Interested? Make sure you check here ‘before you start’ start any implementation design.

Want updates? Better deploy Windows 10 now

A reasonable IT Pro may cast suspicion here…

However, in a post on the Windows Experience Blog, EVP Terry Myers states the following:

…Today we are clarifying our Windows support policy:

Windows 7 will continue to be supported for security, reliability, and compatibility through January 14, 2020 on previous generation silicon. Windows 8.1 will receive the same support through January 10, 2023. This includes most of the devices available for purchase today by consumers or enterprises.

Going forward, as new silicon generations are introduced, they will require the latest Windows platform at that time for support. This enables us to focus on deep integration between Windows and the silicon, while maintaining maximum reliability and compatibility with previous generations of platform and silicon. For example, Windows 10 will be the only supported Windows platform on Intel’s upcoming “Kaby Lake” silicon, Qualcomm’s upcoming “8996” silicon, and AMD’s upcoming “Bristol Ridge” silicon.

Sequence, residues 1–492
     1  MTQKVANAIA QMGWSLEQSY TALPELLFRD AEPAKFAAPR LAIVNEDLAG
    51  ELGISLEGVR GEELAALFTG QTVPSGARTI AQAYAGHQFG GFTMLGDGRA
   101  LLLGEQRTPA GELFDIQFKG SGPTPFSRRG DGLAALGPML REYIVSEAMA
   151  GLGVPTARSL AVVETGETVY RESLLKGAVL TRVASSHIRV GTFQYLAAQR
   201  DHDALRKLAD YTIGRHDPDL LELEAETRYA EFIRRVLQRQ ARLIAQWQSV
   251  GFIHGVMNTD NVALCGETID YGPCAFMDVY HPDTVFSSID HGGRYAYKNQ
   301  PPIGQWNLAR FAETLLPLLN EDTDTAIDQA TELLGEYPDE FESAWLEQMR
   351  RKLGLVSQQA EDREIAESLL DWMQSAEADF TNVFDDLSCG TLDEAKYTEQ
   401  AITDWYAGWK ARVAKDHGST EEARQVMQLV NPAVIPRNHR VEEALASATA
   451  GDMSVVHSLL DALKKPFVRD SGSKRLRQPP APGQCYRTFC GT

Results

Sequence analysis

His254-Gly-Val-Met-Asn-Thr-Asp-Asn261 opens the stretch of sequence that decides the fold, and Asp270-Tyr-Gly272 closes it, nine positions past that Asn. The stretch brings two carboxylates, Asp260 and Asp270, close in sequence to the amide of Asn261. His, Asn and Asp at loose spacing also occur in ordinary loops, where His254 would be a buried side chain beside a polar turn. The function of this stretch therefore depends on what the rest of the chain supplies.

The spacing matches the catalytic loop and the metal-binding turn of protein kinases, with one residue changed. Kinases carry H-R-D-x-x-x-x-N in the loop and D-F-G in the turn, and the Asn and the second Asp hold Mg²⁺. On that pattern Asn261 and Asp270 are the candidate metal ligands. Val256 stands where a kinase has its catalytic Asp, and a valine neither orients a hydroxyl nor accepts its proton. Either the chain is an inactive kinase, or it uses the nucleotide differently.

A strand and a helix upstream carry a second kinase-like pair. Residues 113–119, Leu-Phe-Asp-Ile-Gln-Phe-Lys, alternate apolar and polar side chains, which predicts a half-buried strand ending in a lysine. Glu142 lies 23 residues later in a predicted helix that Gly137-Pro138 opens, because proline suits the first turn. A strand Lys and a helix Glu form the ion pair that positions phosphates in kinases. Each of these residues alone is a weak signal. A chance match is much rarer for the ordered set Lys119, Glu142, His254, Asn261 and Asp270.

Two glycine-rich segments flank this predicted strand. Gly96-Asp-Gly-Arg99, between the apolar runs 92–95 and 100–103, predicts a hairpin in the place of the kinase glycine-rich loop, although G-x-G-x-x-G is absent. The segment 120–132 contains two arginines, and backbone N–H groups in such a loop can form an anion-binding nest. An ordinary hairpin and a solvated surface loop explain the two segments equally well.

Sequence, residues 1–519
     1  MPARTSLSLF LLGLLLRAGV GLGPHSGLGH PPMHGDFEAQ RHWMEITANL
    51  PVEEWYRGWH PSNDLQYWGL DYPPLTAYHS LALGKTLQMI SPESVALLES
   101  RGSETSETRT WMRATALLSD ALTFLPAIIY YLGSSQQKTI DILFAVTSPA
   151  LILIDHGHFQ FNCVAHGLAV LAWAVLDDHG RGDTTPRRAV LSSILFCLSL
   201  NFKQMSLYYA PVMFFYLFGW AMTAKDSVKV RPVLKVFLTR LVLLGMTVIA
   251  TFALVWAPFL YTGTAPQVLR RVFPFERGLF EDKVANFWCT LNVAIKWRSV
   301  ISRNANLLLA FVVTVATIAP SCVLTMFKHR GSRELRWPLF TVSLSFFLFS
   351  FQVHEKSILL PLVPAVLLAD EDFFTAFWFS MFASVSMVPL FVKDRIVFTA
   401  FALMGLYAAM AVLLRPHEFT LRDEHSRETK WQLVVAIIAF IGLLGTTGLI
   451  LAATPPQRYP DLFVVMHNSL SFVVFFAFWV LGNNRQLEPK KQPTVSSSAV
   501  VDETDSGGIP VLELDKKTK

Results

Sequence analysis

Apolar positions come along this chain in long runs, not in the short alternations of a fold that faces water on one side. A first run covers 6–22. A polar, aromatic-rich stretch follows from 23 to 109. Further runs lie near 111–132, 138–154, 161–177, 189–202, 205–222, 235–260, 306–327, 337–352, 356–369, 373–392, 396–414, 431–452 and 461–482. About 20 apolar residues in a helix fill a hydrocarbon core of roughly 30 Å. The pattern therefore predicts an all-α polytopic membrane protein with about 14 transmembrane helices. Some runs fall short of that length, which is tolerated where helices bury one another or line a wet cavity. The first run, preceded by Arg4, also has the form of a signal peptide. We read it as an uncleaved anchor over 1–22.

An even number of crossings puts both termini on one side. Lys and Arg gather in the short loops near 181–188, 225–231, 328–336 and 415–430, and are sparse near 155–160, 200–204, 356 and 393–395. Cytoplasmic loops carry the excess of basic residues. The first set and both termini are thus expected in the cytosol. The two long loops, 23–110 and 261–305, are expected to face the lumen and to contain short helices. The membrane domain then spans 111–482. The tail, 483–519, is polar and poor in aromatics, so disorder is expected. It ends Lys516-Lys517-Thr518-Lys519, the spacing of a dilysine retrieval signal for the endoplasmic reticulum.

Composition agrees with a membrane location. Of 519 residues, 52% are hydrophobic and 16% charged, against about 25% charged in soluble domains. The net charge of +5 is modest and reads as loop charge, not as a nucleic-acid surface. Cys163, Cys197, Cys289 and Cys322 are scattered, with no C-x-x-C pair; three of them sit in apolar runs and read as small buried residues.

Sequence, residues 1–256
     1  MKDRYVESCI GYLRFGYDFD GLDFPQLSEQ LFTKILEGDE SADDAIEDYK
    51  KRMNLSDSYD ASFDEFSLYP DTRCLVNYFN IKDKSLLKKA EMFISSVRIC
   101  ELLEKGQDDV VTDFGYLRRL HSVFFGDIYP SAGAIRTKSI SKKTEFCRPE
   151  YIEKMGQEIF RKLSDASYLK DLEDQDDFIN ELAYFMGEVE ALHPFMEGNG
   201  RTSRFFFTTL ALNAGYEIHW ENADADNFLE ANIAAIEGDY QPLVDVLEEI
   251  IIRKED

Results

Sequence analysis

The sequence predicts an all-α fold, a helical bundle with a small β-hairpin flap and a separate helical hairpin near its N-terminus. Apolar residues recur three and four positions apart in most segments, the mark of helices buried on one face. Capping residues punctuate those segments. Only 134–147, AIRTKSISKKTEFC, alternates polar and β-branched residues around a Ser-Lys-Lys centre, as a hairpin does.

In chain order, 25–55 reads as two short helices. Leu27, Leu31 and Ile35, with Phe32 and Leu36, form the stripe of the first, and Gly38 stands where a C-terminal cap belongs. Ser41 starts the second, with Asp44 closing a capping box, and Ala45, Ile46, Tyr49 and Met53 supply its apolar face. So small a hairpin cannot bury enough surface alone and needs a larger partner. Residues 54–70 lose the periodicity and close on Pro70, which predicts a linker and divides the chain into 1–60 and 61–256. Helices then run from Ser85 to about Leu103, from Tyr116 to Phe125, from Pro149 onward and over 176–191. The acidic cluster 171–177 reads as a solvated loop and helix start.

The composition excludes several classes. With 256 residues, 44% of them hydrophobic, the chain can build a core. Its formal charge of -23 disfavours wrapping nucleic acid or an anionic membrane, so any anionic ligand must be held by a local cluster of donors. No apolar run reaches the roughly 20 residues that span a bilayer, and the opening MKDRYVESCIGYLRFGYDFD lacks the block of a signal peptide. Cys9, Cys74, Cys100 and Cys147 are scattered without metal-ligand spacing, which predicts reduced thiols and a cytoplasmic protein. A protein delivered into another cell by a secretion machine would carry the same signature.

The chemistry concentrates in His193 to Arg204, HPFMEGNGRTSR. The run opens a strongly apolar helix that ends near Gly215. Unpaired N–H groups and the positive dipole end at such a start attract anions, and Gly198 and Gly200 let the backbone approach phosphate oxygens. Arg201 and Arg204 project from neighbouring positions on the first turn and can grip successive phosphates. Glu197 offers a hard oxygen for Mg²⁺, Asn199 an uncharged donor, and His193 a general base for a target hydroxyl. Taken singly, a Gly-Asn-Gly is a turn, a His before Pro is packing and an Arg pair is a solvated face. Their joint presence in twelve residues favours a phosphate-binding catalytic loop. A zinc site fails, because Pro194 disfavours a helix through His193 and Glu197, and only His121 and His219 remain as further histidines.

Through July 17, 2017, Skylake devices on the supported list will also be supported with Windows 7 and 8.1. During the 18-month support period, these systems should be upgraded to Windows 10 to continue receiving support after the period ends. After July 2017, the most critical Windows 7 and Windows 8.1 security updates will be addressed for these configurations, and will be released if the update does not risk the reliability or compatibility of the Windows 7/8.1 platform on other devices.

The bottom line is that Intel and Microsoft have made a deal, and that deal involves you not getting updates for the magical combination of new hardware and old operating systems.

What should you do here?

In my opinion, there’s not much reason to hold off on Windows 10 at this point anyways. The stability is there, and the experience is compelling. When you look at the capabilities of your systems management tool for Windows 10, combined with the Enterprise Mobility Suite, you really can manage any device, anywhere.